Model of Ballast Water Exchange in Great Lakes Bulk-cargo Vessel





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Uploaded on Dec 2, 2009

This animation was prepared by the Naval Surface Warfare Center - Carderock Division as part of the NOAA-Navy CFD ballast tank modeling study. It shows a physical 1/3-scale model of four adjacent sections of a ballast tank from a Great Lakes bulk-cargo vessel constructed with plexiglas. Observations made on the physical scale model during simulated ballast water exchange were used to verify the output of a CFD model of the same structure, which then provided a basis for scaling the CFD model to a full-sized complete ballast tank.

The tank consists of 4 sections, two double-bottom (DB) sections and two side-tank (ST) sections. Physical tank structures are shaded in gray. Transverse data planes through the middle of the front and back tank sections are shaded in red. These are not part of the tank structure, but show the CFD animation flow and salinity changes during water flow. The DB sections are to the left of the viewer and are shaped like rectangular boxes; the ST sections form the right side of the tank and have a curved outer wall; the overflow or exit pipe is seen in the back ST section. Water enters the tank through the funnel-shaped bellmouth visible in the front DB section.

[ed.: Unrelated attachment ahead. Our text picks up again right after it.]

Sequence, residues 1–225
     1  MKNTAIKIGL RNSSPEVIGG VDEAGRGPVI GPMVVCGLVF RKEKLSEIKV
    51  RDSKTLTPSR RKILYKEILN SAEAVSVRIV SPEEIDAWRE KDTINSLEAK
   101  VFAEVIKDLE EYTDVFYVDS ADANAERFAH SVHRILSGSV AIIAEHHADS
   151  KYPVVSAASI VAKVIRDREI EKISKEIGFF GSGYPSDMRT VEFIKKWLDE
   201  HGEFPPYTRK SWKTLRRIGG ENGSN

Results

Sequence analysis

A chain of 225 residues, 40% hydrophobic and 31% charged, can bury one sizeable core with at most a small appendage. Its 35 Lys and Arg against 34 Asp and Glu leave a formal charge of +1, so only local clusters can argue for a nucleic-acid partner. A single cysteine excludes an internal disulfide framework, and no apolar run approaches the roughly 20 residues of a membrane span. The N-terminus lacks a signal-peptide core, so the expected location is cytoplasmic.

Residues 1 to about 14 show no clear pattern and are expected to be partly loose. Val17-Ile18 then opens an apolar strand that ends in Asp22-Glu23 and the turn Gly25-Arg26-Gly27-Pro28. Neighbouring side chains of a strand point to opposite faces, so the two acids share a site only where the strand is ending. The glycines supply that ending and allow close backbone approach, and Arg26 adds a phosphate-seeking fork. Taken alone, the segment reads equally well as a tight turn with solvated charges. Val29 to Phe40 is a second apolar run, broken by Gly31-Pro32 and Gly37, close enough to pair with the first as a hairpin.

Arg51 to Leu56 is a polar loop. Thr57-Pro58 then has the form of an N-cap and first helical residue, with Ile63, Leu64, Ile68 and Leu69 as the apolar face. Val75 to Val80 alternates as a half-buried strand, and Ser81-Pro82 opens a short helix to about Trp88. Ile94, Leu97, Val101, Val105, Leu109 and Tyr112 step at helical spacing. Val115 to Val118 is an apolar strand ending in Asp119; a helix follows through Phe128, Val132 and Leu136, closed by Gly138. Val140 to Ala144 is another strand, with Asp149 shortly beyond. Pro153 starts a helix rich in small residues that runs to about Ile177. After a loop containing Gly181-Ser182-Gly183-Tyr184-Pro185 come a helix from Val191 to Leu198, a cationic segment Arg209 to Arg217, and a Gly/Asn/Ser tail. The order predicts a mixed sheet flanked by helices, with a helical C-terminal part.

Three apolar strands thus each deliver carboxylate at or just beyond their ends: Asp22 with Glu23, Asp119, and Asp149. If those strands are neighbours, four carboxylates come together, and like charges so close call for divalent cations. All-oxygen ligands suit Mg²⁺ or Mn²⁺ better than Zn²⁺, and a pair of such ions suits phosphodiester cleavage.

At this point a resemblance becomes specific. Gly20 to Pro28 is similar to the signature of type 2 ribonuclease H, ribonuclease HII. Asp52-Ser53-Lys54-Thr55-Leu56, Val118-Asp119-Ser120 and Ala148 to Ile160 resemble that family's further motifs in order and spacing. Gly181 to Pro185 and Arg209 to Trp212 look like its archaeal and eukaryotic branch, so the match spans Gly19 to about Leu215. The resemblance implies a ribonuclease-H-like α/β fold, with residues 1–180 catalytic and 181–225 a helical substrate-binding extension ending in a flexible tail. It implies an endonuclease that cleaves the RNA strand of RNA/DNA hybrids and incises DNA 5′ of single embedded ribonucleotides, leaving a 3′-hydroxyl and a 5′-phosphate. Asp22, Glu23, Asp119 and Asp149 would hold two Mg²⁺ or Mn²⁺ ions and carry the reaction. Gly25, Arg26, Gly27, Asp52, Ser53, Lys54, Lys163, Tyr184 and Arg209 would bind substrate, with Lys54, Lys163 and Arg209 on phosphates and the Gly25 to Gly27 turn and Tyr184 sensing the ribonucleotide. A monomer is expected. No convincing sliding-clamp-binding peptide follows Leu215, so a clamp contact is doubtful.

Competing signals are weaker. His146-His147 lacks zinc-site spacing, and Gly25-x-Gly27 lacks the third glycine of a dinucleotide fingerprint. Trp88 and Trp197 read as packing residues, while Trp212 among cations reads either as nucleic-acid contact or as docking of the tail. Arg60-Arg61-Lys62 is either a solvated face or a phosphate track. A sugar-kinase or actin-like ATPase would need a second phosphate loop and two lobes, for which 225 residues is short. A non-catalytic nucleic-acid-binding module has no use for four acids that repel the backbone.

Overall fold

Each animation starts with the tank filled with fresh water (red). The influent seawater (dark blue, salinity = 35) enters at a flow rate of 65 gpm (actual for the physical experiment), which scales-up to a flow rate of 1,012 gpm (230 metric tonnes per hour) at full ballast tank scale.

Features to look for include:

- Initial intense mixing that occurs near the bellmouth.

- Creation of waves caused by influent flow bouncing off structural walls early in the exchange until formation of a stable stratified layer when the density interface reaches about half the tank height.

- Delayed filling of different sections caused by tank partition structures which restrict flow between sections.

- Rapid filling of DB tank sections until the saltwater interface exceeds the height of the manholes, then much slower vertical elevation of the density interface as the ST tanks fill.

- Development of stratification throughout the tank.

- Development of density-driven "waterfalls" at the lightening hole openings between tank sections.

This is an animation of the CFD model for the 1/3-scale experimental tank over a 3-tank-volume exchange, meaning the total volume of influent liquid entering the tank over the course of the experiment is approximately 3x the total volume of the experimental tank. No time indicator was embedded with the animation.

Animation provided by the Great Lakes Environmental Research Laboratory - GLERL http://www.glerl.noaa.gov


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